NASHVILLE, Tenn. – Ryan Suter’s now in Minnesota and Jordin Tootoo is in Detroit. The Nashville Predators still have captain Shea Weber and goaltender Pekka Rinne, and their goals remain unchanged.
Stanley Cup or bust.
“We’ve shown ourselves that we can play against anybody,” Rinne said. “And for sure it’s going to be a tight schedule, quick season and you have to be ready from the beginning. And for sure, we’re going to battle for the Cup.”
The Predators open Saturday night against the Columbus Blue Jackets looking for their eighth playoff berth in nine seasons, but expectations couldn’t be higher after falling short in the Western Conference semifinals each of the past two years.
Nashville fell short last season despite a handful of moves that included trading for defenceman Hal Gill and sending their 2012 first-round draft pick to Buffalo for Paul Gaustad. They even welcomed back Alexander Radulov four years after he bolted home to Russia and the Kontinental Hockey League, moves that helped them finish with the No. 4 seed in the West and 104 points—the third-most in franchise history.
The Predators ousted Detroit in the opening round, then lost in the Western Conference semifinals a second straight year with the latest in five games to Phoenix.
That set up a turbulent off-season as Suter, the defenceman who averaged a team-best of 26 minutes, 30 seconds of ice team per game, left as a free agent for a 13-year deal in Minnesota. Tootoo, the scrappy forward, signed with Central Division rival Detroit, and the Predators happily watched Radulov head back to Russia after he was suspended for staying out too late during the series with Phoenix.
They took big steps toward keeping the core together by re-signing forwards Mike Fisher, Sergei Kostitsyn, Colin Wilson and Gaustad to multi-year deals. They also brought back defencemen Hal Gill and Kevin Klein while signing veteran defenceman Scott Hannan. They brought back Chris Mason, a former Nashville goalie, to back up Rinne.
The biggest move came when Nashville matched Philadelphia’s 14-year, $110 million offer sheet to Weber in the biggest deal ever handed out by this small market team. That keeps him around with Rinne, who signed a seven-year, $49 million extension himself in November 2011 as the cornerstones for this franchise for years to come.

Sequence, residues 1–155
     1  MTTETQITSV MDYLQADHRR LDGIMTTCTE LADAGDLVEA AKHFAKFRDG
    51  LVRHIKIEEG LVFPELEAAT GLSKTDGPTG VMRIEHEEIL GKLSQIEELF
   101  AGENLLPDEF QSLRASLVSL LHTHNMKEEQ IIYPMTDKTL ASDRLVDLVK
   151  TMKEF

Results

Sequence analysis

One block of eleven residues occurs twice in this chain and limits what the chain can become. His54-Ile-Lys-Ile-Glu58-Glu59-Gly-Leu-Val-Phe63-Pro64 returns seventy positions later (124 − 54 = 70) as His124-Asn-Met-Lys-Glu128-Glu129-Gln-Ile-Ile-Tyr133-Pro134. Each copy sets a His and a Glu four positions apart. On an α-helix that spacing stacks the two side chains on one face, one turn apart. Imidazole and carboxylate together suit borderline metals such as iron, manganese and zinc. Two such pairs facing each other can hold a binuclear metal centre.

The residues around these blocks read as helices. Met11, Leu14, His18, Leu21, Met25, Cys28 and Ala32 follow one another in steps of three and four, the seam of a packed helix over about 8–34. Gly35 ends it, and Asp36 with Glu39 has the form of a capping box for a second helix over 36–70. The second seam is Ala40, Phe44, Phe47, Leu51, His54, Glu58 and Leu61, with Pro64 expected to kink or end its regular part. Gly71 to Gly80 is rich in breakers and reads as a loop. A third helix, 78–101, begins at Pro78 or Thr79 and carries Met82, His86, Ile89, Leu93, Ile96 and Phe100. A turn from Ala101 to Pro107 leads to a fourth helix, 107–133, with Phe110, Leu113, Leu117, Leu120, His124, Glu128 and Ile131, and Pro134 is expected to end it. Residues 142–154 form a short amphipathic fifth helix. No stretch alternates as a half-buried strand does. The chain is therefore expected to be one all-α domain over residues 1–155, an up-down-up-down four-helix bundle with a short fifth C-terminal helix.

Now that they face a 48-game season shortened by the lockout, the Predators believe they have an advantage with a team that has changed so little.
“Scott Hannan’s the only guy who’s never put on a Nashville Predators’ jersey,” said coach Barry Trotz, heading into his 14th season. “I’m telling everybody it’s benefiting us. So I think in terms of our process of how we have to play, how we have to do things, what our responsibilities are, those will probably come back a little quickly hopefully for us.”
The schedule has Nashville playing Central Division rivals Columbus and Chicago five times with only four games each against Detroit and St. Louis. They also host St. Louis on Monday before hitting the road for two weeks and a seven-game road trip that will be their longest. The men’s Southeastern Conference tournament also sends them on the road in March, and they wrap up the season April 27 at Columbus.
Nashville builds through the draft, and the Predators are counting on 22-year-old Roman Josi to replace Suter as Weber’s defensive lineman. They also need Wilson, Matt Halischuk, Patric Hornqvist, Nick Spaling and Craig Smith to improve on what they did last season.
What the Predators will find out is how much not having Suter affects the NHL’s best power play unit and the 10th-best penalty kill percentage team last season. The Predators also ranked eighth in goals scored per game (2.83) and tied for eighth in goals against average (2.50), but Rinne isn’t worried. He led the league with 43 wins last season facing the most shots in the NHL with a .923 save percentage.
“Obviously, they have big shoes to fill, but Josi’s ready for that and he’s played really well last year,” Rinne said. “Other than that we have Scott Hannan as a new guy. Other than that, everybody’s kind of the same people … I think it’s a very comfortable situation and everybody knows it.”
Nashville is one of only five NHL teams to reach the post-season seven of the last eight seasons. Extending that will be the first step toward trying to make a run at a title in this shortened season.
“You’re going to have to have a little bit of luck,” Trotz said.
Follow Teresa M. Walker on Twitter at www.twitter.com/teresamwalker